A new national lithium research hub in Western Australia is hoped to take the state a step closer to developing a battery manufacturing industry.
- WA sees itself as a hub for battery minerals and manufacturing
- Politicians say Australia’s ability to viably produce lithium batteries is still a way off
- Much of the research will be carried out in Kwinana, South West, Goldfields and Pilbara regions
The $135 million centre, announced today, will operate out of Curtin University in Perth and will look at how to better source minerals and process them into chemicals that are used to develop batteries.
The research centre will be jointly funded by the Federal Government, the State Government and industry to the tune of $53 million.
It will also receive $82 million of in-kind support from the sector.
Federal Minister for Industry Science and Technology, Karen Andrews, said the cooperative research centre was about lifting Australia’s role in the battery value chain.
“We are clearly not just digging these minerals out of the earth,” she said.
“We will be extracting, processing and looking at the technology to develop the components to go into energy storage systems.”
Ms Andrews said WA was well placed to host the centre.
“It’s quite clear that Australia has an abundance of resources and minerals, in particular, that are essential to the development of battery and energy storage systems,” she said.
“Western Australia clearly has many of those minerals.”
A step to battery making
Premier Mark McGowan said the news was a big victory for WA.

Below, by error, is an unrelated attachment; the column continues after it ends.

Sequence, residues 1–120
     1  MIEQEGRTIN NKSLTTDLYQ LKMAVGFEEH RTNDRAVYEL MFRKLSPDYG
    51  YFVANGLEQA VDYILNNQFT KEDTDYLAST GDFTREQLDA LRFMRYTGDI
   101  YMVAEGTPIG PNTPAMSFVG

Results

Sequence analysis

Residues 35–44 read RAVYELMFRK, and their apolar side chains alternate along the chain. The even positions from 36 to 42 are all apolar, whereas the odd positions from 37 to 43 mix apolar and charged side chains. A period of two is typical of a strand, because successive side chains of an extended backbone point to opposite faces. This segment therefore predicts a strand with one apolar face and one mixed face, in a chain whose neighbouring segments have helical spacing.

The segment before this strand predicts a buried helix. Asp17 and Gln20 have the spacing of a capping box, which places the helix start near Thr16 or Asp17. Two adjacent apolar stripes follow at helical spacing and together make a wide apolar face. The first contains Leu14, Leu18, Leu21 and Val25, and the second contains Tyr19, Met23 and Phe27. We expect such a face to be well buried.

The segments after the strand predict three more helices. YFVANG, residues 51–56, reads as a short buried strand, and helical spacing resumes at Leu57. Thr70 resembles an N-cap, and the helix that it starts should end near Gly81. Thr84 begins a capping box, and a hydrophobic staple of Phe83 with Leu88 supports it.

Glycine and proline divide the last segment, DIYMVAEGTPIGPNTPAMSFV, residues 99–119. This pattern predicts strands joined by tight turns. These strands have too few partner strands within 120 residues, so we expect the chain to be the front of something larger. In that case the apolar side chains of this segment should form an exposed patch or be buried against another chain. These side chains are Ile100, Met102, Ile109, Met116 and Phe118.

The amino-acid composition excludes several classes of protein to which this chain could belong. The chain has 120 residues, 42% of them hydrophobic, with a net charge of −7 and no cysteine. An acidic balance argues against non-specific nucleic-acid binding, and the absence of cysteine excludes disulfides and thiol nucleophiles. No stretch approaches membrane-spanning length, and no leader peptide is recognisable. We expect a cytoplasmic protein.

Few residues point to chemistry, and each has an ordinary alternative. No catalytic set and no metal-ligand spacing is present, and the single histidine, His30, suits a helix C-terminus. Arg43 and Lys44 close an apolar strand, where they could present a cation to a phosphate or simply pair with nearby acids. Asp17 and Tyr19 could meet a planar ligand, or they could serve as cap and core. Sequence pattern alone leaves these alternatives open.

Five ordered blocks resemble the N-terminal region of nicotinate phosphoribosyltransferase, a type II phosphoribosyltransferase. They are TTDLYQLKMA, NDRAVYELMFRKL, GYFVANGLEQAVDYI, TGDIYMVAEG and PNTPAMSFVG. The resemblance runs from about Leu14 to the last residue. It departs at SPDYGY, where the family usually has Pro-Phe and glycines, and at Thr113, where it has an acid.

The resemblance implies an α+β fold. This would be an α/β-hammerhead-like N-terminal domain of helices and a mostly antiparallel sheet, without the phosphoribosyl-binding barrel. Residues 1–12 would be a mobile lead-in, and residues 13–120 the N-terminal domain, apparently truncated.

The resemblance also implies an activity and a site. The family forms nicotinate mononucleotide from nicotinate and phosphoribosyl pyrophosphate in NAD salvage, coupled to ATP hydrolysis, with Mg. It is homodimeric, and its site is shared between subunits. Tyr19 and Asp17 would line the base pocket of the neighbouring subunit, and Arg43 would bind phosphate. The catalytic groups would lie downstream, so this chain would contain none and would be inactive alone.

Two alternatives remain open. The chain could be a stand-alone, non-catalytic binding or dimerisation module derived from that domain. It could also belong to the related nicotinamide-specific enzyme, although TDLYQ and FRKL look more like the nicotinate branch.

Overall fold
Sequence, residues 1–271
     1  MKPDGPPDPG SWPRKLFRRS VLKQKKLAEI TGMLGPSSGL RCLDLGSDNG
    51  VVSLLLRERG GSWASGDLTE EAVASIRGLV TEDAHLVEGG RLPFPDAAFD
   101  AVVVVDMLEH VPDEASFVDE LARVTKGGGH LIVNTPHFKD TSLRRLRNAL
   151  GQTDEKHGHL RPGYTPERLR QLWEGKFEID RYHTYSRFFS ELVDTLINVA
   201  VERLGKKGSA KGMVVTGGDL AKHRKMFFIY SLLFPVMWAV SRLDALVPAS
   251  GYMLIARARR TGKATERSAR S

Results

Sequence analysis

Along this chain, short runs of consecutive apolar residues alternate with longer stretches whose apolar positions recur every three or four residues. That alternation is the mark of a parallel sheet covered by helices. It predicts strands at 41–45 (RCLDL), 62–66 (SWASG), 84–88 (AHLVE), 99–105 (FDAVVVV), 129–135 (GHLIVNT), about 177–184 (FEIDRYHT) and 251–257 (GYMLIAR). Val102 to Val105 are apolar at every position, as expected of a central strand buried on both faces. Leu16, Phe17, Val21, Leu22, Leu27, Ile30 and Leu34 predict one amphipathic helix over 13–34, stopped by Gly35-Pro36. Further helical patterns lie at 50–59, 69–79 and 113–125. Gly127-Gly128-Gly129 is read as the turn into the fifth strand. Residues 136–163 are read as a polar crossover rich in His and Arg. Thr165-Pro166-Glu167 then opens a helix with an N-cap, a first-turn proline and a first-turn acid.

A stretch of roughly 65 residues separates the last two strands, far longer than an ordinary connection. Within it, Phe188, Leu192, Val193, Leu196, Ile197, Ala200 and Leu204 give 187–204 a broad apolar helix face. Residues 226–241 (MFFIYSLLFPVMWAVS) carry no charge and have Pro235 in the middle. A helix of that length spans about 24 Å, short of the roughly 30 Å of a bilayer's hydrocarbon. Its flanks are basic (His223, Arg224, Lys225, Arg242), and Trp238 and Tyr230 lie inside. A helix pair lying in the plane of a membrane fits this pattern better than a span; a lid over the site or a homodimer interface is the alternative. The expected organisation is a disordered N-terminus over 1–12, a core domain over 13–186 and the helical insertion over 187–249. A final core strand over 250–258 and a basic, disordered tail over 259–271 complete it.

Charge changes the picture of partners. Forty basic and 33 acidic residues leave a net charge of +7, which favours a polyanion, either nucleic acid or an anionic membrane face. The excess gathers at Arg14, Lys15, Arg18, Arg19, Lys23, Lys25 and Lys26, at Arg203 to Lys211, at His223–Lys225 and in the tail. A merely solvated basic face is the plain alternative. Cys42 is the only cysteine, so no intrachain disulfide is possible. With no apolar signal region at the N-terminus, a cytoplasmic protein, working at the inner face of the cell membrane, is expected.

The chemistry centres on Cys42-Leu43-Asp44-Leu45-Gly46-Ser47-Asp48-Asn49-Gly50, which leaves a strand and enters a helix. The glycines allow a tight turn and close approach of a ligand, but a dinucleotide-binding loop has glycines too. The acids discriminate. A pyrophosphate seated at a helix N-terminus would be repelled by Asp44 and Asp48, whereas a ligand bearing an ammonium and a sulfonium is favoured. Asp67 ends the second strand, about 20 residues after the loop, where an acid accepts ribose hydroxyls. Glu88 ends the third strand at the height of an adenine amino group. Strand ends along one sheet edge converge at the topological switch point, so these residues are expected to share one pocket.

“I want Australians and the rest of the world to see Western Australia as a hub for battery minerals and a manufacturing centre for some of the processes along the way to making a battery,” he said.
“That will create thousands of jobs for our state and put us at the cutting edge of industry and technology development around the world.
Mr McGowan said the centre could pave the way for a battery-making industry in WA.”There are a number of steps to go until you get to batteries but a [research centre] means that the research capacity will be here and the world interest will be here in WA,” he said.
Ms Andrews said lithium battery manufacturing was still a way off.
“There’s a little bit of uncertainty about whether or not developing a battery manufacturing centre here in Western Australia or even in Australia is viable at the moment,” she said.
“We certainly know that there is an opportunity for us to manufacture the components, for example the cathodes in the battery, but at this point in time it would seem a way off before we look at lithium batteries.”
Future Battery Industries CRC chairman Tim Shanahan said one of the goals of the centre would be to undertake research that supports the viability of making batteries in Australia.
“That’s what we would like to see, so that all the materials that we produce in Australia will eventually be put into a factory that might be here in Australia,” he said.
“That would certainly be the holy grail of this activity.”
But Mr Shanahan said the very first step would be recruiting researchers from across Australia to get battery research up and running by July 1.
“We are keen to hit the ground running and get this thing started as soon as possible,” he said.
Jobs for regional WA
Although the centre will be based in Perth, Mr Shanahan said a lot of research would be carried out on the ground in the state’s lithium hotspots: Kwinana, the South West, the Goldfields, and the Pilbara.
“One of the key things that we’re interested in is what can be done to develop those precincts from what they are today to perhaps be multifaceted and more interdependent business environments [to] create economic growth in the regions,” Mr Shanahan said.
WA’s South West is home to the world’s largest lithium mine and work is underway in Kwinana and Kemerton on major WA refineries to process the lithium.
Topics: mining-industry, research, perth-6000, bunbury-6230, kwinana-town-centre-6167, canberra-2600, kalgoorlie-6430, curtin-university-of-technology-6102, karratha-6714
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